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    You're looking for the invariant mass of the two-proton system, so you need to find the square of the four-momentum of the system. To get the momentum of the system, you have to sum the momenta of the parts that make up the system.

    P1^2 and P2^2 would be the invariant masses of the individual protons squared, and the sum would always be ##2m_p^2##.
  10. Sep 5, 2016 #9
    im a little confused on how 4-momentum works but what i have so far...

    for the colliding system
    M^2 = 2E^2

    for the system with a stationary particle
    M^2 = (E'^2 - p'^2) + (mproton)

    then set those equal to each other and solve for E'. but i still have a 'p'' hanging around.
  11. Sep 5, 2016 #10


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    How did you get this? It's incorrect, or you're being sloppy.

    This equation can't be right. The units don't work out.
  12. Sep 5, 2016 #11
    honestly, i must have no freaken idea what I'm doing then.

    m^2 = E^2 - p^2.

    E = total energy and p = total momentum. since they are colliding, their momentums cancel out. their energies are equal. so m^2 = 2E^2. this is the invariant mass of the first scenario, right? thats how i got there.

    as for the second part. I'm just trying to make sense of DuckAmuck wrote. obviously, I'm not making much sense of it.

    i actually have to solution that DuckAmuck posted initially but thats little help because i don't understand where some of the values come from. I'm just trying to work from the instructors slides now.
  13. Sep 5, 2016 #12
    actually, i was finally able to make sense of it.

    times like this really make me regret not changing majors two years ago haha
  14. Sep 5, 2016 #13


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    Is this for a particle physics class? I found the chapter on relativity in Griffith's textbook to be really clear and helpful.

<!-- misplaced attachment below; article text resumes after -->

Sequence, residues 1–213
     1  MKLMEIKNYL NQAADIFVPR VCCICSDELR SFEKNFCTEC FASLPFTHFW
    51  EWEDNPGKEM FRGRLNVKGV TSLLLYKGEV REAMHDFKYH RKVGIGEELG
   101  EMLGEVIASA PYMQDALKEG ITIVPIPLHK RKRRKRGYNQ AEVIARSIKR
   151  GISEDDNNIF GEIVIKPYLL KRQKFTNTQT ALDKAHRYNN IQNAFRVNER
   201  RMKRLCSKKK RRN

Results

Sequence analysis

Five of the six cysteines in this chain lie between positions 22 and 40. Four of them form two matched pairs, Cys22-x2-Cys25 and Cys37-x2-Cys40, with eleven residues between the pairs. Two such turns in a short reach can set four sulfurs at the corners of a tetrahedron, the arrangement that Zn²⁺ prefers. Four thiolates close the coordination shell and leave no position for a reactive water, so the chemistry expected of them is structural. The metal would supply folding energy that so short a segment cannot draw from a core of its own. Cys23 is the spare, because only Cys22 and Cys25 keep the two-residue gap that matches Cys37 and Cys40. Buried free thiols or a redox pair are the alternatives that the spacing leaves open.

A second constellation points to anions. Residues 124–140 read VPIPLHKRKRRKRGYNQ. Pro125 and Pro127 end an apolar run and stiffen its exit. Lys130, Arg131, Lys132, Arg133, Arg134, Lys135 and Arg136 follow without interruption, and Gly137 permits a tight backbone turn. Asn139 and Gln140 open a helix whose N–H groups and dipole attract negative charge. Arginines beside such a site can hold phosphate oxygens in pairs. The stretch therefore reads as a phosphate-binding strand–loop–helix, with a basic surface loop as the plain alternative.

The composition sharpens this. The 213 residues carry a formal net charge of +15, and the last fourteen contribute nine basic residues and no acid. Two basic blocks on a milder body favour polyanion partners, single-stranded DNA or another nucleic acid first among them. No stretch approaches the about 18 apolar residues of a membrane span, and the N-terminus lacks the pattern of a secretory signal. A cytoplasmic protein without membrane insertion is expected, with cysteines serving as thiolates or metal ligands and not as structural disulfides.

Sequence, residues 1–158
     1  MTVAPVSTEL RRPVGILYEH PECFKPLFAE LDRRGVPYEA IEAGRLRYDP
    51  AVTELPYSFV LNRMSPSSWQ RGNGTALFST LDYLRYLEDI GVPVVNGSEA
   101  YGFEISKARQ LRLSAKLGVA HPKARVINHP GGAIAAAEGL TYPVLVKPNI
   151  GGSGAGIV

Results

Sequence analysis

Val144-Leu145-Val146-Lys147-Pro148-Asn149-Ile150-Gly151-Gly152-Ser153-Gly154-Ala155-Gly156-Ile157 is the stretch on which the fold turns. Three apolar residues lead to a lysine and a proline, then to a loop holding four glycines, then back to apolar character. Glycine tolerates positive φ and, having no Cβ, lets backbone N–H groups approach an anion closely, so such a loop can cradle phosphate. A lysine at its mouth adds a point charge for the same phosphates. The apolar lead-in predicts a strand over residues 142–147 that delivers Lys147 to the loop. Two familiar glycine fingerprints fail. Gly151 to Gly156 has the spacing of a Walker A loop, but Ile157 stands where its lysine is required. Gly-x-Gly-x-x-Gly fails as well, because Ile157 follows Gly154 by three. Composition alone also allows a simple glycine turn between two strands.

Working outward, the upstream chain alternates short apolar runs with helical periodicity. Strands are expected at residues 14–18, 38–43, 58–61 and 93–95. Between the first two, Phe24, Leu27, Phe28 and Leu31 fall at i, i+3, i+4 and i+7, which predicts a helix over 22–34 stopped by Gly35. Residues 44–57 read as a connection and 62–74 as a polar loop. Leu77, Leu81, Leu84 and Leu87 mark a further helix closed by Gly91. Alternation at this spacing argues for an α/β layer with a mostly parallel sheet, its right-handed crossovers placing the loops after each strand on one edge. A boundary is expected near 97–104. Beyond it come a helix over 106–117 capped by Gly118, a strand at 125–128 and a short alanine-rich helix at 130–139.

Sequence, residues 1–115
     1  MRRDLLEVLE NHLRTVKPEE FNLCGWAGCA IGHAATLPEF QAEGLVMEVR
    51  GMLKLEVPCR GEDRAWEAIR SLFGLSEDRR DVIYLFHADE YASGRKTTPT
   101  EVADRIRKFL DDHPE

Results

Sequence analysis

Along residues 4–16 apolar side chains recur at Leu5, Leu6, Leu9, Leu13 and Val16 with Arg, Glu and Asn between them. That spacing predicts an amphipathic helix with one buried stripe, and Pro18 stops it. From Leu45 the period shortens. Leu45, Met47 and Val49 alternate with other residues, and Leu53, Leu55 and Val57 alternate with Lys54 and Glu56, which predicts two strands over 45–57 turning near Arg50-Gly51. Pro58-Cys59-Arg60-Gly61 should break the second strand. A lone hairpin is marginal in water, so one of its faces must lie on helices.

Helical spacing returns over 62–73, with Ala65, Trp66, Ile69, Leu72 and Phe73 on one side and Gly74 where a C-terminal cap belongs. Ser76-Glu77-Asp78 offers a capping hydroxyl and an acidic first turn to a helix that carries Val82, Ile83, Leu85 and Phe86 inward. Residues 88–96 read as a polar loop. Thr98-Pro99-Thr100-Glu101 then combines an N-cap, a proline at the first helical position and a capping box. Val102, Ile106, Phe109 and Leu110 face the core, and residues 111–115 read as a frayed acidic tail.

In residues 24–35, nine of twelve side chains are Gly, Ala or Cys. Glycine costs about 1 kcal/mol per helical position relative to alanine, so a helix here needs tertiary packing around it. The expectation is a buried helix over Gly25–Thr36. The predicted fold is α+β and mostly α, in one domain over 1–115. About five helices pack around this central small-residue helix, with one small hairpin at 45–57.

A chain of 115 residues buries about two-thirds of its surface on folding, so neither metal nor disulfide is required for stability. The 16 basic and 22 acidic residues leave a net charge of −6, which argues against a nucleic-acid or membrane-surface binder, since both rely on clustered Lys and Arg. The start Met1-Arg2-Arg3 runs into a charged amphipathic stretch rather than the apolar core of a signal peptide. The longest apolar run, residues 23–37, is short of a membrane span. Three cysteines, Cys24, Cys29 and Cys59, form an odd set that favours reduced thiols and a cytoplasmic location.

15. Sep 5, 2016 #14
    The class is titled "Quantum Mechanics and Relativity". The class is taught in a "non traditional" form, I guess. We were not suggested a book to purchase at the beginning of the semester.
    Which book by Griffith? Intro to QM?
  16. Sep 6, 2016 #15


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    Intro to Particle Physics
  17. Sep 6, 2016 #16
    The first one treats both particles' vectors as one vector, and so the mass you get is their *shared* invariant mass (squared). The second one is each particle's independent invariant mass (squared) added together.

    [tex] P^2 = (E,p)^2 = M^2 = E^2 - p^2 [/tex]

    which is equivalent to [tex] E^2 = M^2 + p^2 [/tex]

    Side note: in my calculations c=1 (you'll find this is a popular convention)
  18. Sep 6, 2016 #17
    Last edited by a moderator: May 8, 2017
  19. Sep 6, 2016 #18
    thanks guys. i have some left over from a book scholarship so ill talk to my library and see if they can order it. I'm sure they can though.

    DuckAmuck, that make total sense. thank you. i noticed all the c = 1. our instructor has been doing that since the beginning of the semester.